Skip to main content


Leafs forced to dress all-lefty defence against Golden Knights

Morgan Rielly Toronto Maple Leafs Morgan Rielly - The Canadian Press

The Maple Leafs (optional) and Golden Knights skated at Scotiabank Arena on Tuesday. 

Right-shot rearguard Timothy Liljegren will miss Tuesday's game with an undisclosed injury, which means the Leafs will be forced to dress an all-lefty defence. 

"I don't like it," said head coach Sheldon Keefe of his previous experience with the alignment. "We do have a number of guys that are at least comfortable on the right side, and certainly if not comfortable at least have experience with it, and can manage that and just press on." 

Jake McCabe switched to the right side earlier this season and has been playing in that spot consistently. T.J. Brodie has played his off side for most of his career before moving to the left after the suspension to Morgan Rielly. At Monday's practice, Simon Benoit got reps on the right. William Lagesson has also filled in on that side. 

"McCabe's getting to a point that he's got enough reps there and he's had some success with it, so he's feeling good with it," Keefe said. "Morgan, over my time here, has been very willing to play the right side. Obviously, he hasn't done very much of it, but any time that we have asked him to or needed somebody to, he’s kind of the first one with his hand up and wants to go over there."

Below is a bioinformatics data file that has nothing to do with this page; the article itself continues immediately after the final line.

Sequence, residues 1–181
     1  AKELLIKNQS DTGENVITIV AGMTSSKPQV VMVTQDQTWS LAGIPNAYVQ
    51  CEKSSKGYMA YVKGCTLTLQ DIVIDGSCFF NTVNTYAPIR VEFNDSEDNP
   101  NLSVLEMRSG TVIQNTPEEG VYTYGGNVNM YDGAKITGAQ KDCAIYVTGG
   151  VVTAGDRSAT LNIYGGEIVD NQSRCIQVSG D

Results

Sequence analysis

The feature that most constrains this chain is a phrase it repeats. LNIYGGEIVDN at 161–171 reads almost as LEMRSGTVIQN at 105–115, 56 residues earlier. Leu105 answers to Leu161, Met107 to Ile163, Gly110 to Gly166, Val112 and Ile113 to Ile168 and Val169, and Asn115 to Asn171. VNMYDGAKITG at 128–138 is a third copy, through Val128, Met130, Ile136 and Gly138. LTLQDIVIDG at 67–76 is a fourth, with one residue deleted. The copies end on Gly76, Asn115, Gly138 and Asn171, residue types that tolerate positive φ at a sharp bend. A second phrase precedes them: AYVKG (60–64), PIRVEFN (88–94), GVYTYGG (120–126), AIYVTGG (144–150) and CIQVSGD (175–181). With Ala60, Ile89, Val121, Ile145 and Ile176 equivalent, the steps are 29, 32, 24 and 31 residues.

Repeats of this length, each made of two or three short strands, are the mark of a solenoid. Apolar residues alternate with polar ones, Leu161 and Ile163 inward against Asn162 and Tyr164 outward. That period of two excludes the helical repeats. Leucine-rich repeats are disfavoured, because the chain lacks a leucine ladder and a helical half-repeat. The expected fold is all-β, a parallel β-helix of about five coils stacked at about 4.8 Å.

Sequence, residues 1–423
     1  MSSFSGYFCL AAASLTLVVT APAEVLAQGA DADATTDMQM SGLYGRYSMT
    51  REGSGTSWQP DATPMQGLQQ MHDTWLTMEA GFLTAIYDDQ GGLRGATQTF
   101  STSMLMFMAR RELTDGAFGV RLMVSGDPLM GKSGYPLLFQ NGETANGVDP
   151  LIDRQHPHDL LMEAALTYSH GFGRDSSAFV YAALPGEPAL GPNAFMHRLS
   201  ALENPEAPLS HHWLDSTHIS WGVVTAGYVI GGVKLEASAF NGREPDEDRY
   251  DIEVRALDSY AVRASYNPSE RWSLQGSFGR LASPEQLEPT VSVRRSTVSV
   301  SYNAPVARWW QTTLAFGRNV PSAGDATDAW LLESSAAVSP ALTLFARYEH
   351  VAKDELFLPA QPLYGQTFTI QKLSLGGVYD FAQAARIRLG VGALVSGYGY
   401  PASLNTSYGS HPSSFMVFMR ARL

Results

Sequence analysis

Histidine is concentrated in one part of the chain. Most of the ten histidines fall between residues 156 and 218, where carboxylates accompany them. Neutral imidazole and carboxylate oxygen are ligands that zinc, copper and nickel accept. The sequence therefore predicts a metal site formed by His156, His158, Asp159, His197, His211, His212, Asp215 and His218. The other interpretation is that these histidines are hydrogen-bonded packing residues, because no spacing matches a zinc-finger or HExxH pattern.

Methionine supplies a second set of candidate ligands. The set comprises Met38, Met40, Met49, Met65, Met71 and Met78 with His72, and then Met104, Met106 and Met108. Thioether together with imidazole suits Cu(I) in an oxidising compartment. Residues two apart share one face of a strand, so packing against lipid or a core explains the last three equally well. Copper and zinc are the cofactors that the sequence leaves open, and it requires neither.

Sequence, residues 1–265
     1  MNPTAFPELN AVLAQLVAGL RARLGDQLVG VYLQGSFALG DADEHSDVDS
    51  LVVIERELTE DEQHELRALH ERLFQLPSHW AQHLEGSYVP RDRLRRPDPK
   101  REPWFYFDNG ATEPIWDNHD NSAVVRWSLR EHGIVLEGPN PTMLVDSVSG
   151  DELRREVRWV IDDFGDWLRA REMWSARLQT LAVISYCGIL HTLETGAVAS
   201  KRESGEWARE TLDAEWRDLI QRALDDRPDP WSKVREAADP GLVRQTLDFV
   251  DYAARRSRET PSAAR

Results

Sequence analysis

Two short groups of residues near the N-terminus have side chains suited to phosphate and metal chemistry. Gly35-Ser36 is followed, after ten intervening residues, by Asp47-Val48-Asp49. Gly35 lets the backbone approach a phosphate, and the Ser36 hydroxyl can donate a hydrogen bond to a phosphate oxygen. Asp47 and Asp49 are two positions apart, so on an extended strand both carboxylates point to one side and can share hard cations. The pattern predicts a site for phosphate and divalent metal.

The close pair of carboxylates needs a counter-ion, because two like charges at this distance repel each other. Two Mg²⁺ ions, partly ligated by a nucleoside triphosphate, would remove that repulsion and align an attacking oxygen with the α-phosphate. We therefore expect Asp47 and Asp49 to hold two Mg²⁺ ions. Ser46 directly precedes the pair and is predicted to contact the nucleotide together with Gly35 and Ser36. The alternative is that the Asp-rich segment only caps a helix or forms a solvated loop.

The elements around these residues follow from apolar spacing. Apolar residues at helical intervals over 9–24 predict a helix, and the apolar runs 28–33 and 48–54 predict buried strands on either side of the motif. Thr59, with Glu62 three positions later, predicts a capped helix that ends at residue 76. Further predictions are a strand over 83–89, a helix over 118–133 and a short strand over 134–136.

When Liljegren got hurt on Saturday, Rielly offered to switch sides so Brodie could remain on the left. 

"He just said, 'I'll go play the right side,' and he's good with that," Keefe noted.

Benoit indicated that the plan is for him to remain with McCabe to start Tuesday's game.

"I suspect we'll be moving things around a fair bit," Keefe cautioned. 

The Golden Knights believe they can take advantage of Toronto's all-southpaw defence. 

"On D to D [passes] in the neutral zone, sometimes if you take a good angle you can limit where they can go with the puck or force a quicker play," coach Bruce Cassidy said. "Pucks coming around the boards in the offensive zone, you recognize you can get on top of them a little quicker, because they have to take it backhand to forehand. In general, those are probably the areas. I don't know how well they pivot on their off side. Stuff like that you wouldn't know until you play against them a few times. But, in general, there are a few opportunities."

Cassidy did note that his team will have to be on the lookout for quicker one timers when the Leafs have the puck in the offensive zone. 

"There's some positives of playing on your off side too," Keefe noted. "If you're playing a better team game, you can enhance those positives. If you are not playing as good of a team game, you can enhance the negatives and the difficulties that come with it."

The Leafs are thin on the right side after key off-season acquisition John Klingberg underwent season-ending hip surgery. He hasn't played since November. 

Conor Timmins, another righty, is also unavailable right now as he recovers from mononucleosis.

ContentId(1.2081604): With Liljegren out, Leafs forced to dress all-lefty defence


 Toronto's team game is in the best shape it’s been all season. The Leafs just swept a four-game road trip, including a win in Vegas last Thursday. Toronto has won seven straight games overall. 

"You don't want to have any let up," said Keefe. "The fact we're playing the same opponent, an opponent we have a tremendous amount of respect for, that in itself should be enough for us to not take a step backwards."

The first game back from a Western Conference road trip can be tricky. And Tuesday will be the fifth straight time the Leafs change time zones between games.